August 20, 2003
Rio Tinto to Rehabilitate Uranium Mine
by Paddy Manning
Environmental activists have long been advocating for restoration of the Jabiluka uranium mine,
which is located in the Kakadu World Heritage Area in Northern Australia.
Mining giant Rio Tinto (ticker: RTP) has announced it will
rehabilitate the controversial Jabiluka uranium mine, sited in the Kakadu World Heritage Area in
Northern Australia. The move follows campaigning over more than a decade by environmental
activists and indigenous representatives opposed to the mine, which is operated by Energy Resources
Work started when the mine was approved by Australian Prime
Minister John Howard's conservative administration. Subsequently the project was investigated by
the United Nations' World Heritage Commission. The Commission was concerned that Kakadu's
conservation values were in danger.
Although the Commission ultimately did not list
Kakadu World Heritage Area as endangered, the controversial project was suspended once Rio Tinto
acquired its majority stake in ERA from North Ltd in August 2000.
On Friday August 1st,
2003 ERA announced it had obtained approval from the Northern Territory Government to restore the
mine site in line with the wishes of the traditional owners of the Jabiluka land, the Mirrar
A large hole in the ground or "decline" exists at the site. Mirrar
representatives have been calling for the restoration of the decline since at least last year,
after Rio Tinto chairman Sir Robert Wilson publicly promised the mine would not proceed without
consent of the traditional owners.
Mirrar senior traditional owner Yvonne Margarula,
chairman of the Gundjehmi Aboriginal Corporation which represents the Mirrar people, issued a
statement at the time that such consent would never be given.
Now the decline will be
backfilled, with an estimated 60,000 tonnes of stockpiled uranium ore and waste rock being returned
ERA is currently working on an agreement with the Mirrar, and the Northern
Land Council, in relation to the long-term care and maintenance of Jabiluka.
executive Bob Cleary said the agreement is near finalization although Gundjehmi Aboriginal
Corporation chief executive Andy Ralph said it was "early days" and finalization was weeks away.
Ralph said the agreement would include veto rights for traditional owners and said ERA's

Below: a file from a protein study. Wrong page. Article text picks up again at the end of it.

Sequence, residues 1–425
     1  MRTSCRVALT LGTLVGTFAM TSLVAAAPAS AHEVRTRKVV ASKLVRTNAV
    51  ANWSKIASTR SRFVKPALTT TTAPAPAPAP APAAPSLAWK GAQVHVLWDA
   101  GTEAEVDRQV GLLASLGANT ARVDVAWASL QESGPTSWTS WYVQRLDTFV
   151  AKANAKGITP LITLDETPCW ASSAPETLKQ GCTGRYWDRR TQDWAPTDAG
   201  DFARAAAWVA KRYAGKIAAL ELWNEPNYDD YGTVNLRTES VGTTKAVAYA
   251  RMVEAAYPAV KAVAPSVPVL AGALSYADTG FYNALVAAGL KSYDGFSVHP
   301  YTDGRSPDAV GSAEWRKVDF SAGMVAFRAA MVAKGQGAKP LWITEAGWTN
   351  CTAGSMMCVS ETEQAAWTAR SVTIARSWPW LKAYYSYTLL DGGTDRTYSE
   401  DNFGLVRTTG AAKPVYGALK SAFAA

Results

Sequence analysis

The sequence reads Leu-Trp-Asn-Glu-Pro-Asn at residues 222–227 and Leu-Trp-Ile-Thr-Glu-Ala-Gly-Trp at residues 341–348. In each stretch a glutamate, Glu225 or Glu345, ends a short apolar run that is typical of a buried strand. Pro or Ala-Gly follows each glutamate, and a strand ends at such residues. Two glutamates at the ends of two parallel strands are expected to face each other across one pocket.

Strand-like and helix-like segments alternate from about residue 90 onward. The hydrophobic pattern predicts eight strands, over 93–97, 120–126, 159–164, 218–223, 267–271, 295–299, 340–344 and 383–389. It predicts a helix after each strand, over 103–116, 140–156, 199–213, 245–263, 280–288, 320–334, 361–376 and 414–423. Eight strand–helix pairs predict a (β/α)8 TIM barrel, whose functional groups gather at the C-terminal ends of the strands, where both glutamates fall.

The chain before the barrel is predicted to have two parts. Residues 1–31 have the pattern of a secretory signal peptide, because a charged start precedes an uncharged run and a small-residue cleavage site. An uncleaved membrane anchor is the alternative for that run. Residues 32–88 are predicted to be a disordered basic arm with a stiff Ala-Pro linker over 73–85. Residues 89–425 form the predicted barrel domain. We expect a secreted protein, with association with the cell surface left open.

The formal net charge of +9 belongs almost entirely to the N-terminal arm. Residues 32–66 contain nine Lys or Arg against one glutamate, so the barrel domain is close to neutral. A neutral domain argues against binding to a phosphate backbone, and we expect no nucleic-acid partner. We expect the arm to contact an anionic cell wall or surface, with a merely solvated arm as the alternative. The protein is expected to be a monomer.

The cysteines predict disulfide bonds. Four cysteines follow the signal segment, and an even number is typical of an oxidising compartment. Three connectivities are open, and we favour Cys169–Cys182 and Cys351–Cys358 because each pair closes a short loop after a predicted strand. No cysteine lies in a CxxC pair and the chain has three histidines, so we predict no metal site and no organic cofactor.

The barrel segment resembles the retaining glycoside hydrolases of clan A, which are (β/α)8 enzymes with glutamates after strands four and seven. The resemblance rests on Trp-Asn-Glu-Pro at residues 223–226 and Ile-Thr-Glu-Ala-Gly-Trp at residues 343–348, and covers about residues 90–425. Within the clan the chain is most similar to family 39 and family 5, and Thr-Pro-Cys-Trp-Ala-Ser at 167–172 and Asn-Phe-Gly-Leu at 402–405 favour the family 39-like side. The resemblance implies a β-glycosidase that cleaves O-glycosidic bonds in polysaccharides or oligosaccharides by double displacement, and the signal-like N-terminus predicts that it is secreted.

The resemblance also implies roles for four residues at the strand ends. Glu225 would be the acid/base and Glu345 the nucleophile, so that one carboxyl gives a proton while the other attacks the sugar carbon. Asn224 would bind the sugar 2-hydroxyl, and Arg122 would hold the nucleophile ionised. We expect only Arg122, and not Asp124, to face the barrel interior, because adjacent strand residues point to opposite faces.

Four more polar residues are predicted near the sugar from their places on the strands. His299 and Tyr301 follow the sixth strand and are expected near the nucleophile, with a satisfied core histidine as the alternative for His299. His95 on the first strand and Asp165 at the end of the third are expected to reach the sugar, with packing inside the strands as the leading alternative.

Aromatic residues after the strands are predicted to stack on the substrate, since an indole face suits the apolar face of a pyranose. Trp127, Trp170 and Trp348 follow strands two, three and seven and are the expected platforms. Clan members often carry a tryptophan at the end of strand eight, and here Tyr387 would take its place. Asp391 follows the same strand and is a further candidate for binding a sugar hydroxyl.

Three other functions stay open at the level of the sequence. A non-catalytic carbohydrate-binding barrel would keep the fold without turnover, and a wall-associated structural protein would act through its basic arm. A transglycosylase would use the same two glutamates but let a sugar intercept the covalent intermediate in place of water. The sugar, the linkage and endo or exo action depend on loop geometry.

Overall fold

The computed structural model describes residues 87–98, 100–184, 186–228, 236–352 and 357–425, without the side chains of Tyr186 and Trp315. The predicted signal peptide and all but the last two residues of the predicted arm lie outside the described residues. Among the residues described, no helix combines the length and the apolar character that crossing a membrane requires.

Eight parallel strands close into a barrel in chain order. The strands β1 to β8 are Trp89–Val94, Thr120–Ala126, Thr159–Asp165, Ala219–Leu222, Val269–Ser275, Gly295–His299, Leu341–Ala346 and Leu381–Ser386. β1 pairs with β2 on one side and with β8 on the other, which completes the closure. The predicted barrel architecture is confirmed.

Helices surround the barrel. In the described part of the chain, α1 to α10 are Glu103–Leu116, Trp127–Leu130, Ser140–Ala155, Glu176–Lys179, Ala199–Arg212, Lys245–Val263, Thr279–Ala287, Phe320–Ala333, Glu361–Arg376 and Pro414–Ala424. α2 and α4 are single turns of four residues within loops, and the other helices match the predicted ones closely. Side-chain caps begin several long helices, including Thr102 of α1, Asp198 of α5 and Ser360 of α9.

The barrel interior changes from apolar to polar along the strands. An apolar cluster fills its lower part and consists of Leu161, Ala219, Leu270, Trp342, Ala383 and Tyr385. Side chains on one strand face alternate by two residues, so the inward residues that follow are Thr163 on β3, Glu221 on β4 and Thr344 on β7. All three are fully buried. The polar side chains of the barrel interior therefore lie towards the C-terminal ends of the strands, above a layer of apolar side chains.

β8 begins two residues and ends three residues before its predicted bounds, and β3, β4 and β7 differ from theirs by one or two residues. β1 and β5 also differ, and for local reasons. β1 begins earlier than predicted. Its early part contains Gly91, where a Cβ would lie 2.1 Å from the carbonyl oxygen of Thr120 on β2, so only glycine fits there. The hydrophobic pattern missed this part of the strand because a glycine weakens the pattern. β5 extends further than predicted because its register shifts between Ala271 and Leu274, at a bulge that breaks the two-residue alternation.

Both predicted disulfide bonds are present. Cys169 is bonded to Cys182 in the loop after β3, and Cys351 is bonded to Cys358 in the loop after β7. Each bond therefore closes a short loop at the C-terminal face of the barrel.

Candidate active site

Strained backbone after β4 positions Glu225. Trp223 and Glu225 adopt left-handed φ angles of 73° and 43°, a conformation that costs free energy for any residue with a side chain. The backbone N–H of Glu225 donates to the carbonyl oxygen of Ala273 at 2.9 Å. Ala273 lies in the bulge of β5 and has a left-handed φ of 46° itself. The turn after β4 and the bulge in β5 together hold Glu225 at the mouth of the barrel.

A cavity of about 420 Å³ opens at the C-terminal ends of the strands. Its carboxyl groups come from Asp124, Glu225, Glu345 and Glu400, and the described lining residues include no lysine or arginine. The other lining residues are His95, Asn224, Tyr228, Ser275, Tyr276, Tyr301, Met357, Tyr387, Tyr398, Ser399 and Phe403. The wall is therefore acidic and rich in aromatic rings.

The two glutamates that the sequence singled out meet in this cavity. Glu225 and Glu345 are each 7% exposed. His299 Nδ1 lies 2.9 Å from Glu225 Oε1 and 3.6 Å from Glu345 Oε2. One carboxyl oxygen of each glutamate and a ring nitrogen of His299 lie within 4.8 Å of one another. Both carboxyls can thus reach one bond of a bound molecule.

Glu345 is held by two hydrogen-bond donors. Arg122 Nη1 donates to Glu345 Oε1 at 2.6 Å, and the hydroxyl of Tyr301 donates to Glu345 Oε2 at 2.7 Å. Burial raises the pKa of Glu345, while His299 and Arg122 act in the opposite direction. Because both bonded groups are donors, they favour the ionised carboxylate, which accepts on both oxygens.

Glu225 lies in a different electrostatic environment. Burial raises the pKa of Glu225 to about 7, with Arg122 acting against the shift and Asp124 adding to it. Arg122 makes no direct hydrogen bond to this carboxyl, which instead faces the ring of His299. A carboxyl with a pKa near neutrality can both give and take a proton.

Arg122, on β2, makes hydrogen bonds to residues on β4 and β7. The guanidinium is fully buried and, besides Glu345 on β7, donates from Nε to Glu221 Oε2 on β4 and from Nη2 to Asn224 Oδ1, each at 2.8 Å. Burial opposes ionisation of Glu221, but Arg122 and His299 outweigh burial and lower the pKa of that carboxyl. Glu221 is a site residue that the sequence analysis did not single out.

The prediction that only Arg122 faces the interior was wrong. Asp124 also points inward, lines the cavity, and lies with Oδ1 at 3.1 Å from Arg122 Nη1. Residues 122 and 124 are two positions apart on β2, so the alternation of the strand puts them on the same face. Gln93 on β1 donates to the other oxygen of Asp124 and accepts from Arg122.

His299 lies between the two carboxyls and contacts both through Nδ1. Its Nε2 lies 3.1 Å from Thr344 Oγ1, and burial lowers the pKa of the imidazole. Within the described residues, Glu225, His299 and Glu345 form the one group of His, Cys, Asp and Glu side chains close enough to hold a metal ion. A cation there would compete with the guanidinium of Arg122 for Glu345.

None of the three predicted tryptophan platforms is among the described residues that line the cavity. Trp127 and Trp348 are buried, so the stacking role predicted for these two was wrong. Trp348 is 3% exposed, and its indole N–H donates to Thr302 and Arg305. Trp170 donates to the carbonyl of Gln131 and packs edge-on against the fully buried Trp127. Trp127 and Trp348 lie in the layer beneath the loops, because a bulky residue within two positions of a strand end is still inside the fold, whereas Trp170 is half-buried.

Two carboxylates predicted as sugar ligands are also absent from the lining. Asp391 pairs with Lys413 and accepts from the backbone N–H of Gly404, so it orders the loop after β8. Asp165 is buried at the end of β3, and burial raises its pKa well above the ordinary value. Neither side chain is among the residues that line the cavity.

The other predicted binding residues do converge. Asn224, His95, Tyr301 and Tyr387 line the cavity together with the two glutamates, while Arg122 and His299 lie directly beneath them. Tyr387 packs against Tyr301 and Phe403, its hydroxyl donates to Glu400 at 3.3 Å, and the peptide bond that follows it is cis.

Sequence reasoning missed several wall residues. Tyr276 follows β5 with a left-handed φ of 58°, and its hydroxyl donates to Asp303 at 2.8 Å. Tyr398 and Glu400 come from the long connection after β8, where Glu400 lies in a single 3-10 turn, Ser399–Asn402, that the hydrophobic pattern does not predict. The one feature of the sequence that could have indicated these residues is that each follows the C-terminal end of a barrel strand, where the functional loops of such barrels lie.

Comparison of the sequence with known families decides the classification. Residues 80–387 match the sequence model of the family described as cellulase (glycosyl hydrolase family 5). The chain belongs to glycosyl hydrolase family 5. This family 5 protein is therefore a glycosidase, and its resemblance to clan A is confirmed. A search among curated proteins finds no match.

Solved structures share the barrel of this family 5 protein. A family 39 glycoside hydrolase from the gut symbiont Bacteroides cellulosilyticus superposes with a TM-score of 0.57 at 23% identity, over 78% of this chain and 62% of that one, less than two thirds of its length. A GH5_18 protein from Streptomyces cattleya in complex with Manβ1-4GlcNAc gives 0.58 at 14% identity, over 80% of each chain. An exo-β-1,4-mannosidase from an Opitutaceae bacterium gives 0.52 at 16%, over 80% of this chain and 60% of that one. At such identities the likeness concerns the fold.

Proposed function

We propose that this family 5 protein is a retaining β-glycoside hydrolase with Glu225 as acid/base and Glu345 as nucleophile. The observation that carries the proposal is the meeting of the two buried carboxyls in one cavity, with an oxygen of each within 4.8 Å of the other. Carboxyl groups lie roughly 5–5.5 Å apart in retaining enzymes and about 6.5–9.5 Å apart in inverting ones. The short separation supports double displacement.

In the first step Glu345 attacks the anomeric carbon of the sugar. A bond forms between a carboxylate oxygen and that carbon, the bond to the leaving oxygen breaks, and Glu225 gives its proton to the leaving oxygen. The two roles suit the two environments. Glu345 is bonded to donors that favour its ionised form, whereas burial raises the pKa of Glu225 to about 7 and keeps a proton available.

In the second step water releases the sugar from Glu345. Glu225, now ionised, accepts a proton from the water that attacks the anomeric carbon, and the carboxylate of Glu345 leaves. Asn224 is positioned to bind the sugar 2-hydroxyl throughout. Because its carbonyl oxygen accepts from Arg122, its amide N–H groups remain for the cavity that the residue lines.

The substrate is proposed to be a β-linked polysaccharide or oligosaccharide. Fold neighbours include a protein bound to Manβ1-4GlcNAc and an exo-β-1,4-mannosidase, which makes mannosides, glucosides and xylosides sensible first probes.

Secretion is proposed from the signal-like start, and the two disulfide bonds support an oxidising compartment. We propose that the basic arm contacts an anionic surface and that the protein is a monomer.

rehabilitation announcement "heralds a new era of cooperation" between the Mirrar and the mining
Alec Marr, campaign director of environment group the Wilderness Society issued
a statement welcoming the Jabiluka rehabilitation and thanking thousand of campaign supporters
around the world.
"We always said that if we couldn't stop a uranium mine being built
inside a World Heritage Area, against the wishes of the traditional owners and the combined
campaign efforts of the Australian environment movement, then nowhere would be safe," said Marr.
"The fact is the mine has been stopped," he said.
Marr also congratulated Rio
Tinto on its decision, saying the company had "taken a much more sensible attitude to Jabiluka than
the now defunct parent company Norths, who started construction of the mine.
made a good business decision that is also good for Kakadu and will generate some good will towards
the company," he said.
Green shareholder activist Erika Ford, who led the anti-Jabiluka
shareholder campaign against North Ltd almost five years ago, said it had been a long wait.
"It's great to see the parties have come together but we need expediency," she said. "The story
is not over yet. The land has to be reincorporated into the [Kakadu National] Park."
questioned why ERA would retain its leasehold rights at Jabiluka: "why hold onto the lease if you
have no intention to mine it? That's where the mistrust comes in."
Rio Tinto is one of
the world's largest diversified mining companies and is invested by a number of global socially
responsible share funds including funds managed by Swiss-based Sustainable Asset Management (SAM).
Copyright 2003, Ethical Investor, all rights reserved.